FOR IMMEDIATE RELEASE
Tadese Admits to Debut Nerves
LONDON, April 22, 2009 -- Zersenay Tadese admits to feeling nervous before
he makes his much-anticipated marathon debut in London on Sunday (26
Tadese is a double world half marathon champion and became a national hero
when he won the Olympic 10,000m bronze medal in Athens in 2004, the first
Olympic medal for Eritrea in any sport. He also won the World Cross Country
Championships in 2007 beating the great Ethiopian Kenenisa Bekele in the
blistering heat of Mombasa.
But at 09.45 on Sunday when he sets off from the start line of the Flora
London Marathon in Greenwich he knows he'll be dipping his toes in
uncharted waters. "I really don't know how I'll feel," he says. "I am
running the marathon for the first time, so yes, I am a bit nervous.
"But I am happy with my preparation. I have trained well and we'll see how
I do. I will try my best."
With a best half marathon time of 58:59, much is expected of Tadese's first
outing over the full marathon distance. Indeed, some have described him as
"one of the most exciting debutants on the marathon scene for many years".
Known as a fierce racer, he can certainly be expected to track the big race
favourites such as the three-time London champion Martin Lel, the Olympic
champion Sammy Wanjiru and the Olympic silver and bronze medallists, Jaouad
Gharib of Morocco and Tsegaye Kebede of Ethiopia.
With the pacemakers taking them to 20 miles at world record pace, it will
certainly be a baptism of fire for the Eritrean. "This is a fast pace but
for me, it's my first time so I really don't know what to expect," he says.
"I am used to the 10,000m and half marathon so we will see how I feel. It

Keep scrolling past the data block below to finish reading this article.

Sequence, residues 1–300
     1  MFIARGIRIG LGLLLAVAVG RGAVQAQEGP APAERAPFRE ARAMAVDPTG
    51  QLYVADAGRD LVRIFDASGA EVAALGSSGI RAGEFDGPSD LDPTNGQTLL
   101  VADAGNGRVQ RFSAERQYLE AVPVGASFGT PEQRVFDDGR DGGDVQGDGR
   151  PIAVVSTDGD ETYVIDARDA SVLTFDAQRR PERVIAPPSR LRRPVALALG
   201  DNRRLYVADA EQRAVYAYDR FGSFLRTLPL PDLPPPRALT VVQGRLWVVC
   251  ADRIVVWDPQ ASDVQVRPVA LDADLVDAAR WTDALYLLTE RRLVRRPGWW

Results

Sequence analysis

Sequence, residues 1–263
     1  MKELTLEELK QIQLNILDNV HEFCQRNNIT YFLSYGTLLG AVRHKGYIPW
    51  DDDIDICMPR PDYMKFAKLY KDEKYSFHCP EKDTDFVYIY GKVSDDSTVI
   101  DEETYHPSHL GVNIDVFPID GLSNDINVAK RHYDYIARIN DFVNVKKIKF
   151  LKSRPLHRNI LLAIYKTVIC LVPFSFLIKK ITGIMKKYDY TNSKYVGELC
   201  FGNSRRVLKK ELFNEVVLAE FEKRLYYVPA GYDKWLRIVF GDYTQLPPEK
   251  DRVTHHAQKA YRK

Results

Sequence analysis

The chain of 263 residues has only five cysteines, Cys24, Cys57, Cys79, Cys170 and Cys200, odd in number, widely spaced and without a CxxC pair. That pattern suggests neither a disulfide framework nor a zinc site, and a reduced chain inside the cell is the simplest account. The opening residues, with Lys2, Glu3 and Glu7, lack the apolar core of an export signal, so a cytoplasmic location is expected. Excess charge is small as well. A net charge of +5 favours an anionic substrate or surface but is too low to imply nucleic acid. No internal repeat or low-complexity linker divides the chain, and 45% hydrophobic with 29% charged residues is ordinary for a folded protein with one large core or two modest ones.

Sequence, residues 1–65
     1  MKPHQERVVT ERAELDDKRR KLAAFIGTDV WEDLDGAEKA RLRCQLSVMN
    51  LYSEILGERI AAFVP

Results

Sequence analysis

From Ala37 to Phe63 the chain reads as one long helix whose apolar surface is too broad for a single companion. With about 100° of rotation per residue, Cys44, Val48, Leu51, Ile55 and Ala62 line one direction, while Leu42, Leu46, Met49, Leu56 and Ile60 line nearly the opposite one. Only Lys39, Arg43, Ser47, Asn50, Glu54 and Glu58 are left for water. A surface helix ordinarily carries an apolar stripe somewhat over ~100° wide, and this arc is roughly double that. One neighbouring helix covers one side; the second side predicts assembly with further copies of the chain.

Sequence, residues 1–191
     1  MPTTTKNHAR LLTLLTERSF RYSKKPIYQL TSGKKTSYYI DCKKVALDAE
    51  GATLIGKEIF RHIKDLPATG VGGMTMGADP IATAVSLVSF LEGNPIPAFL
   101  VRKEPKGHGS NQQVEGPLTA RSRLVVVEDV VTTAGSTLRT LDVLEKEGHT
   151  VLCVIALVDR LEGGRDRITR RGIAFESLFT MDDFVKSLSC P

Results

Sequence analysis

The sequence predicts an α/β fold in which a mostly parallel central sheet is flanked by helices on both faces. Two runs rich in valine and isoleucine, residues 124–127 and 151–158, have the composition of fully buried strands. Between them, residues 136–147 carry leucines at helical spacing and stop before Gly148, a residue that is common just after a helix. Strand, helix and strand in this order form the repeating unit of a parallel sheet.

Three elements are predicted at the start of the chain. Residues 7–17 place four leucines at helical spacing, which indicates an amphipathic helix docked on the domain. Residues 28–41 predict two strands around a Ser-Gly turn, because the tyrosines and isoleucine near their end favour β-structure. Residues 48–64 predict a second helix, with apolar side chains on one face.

will be a big change but I have been training hard, doing a lot of miles,
so I am prepared."
Indeed, Tadese admits to having "a plan", although he declines to reveal
any details. The fastest ever debut marathon stands at 2:05:50 run by the
Kenyan Evans Rutto in Chicago in 2003 and Tadese hints that he has that
record in mind.
"I want to run fast but I think we will see on Sunday," he says. "I hope to
run around 2:05:00 to 2:06:00, but we will see."
As a former national road cycling champion, he is no stranger to racing
over long miles and hard work, and he's been picking up marathon advice
from his compatriot Yonas Kifle, the Eritrean record holder who was seventh
in London last year.
The only blip in his preparation, he suggests, came just after the World
Cross Country Championships in Jordan at the end of March where he came
third, turning out for his country to boost an otherwise weakened team.
Afterwards, he caught a virus and was sick for three or four days.
"All the athletes had it," he says. "Now I'm OK though and in good
condition again. If I hadn't gone to run there would have been no problem
but it will be OK."
Tadese has almost single-handedly driven athletics up the popularity
ratings in Eritrea, and the sport is now topped only by football (Tadese is
an Arsenal fan). If he wins on Sunday, it could spark something like a
World Cup celebration in South America.
"Even now they are all waiting for Sunday to see the race on TV," he says.
"If I win there will be big celebrations with many people, even children
will be at the airport for me."
Good reason to conquer those first-race nerves then.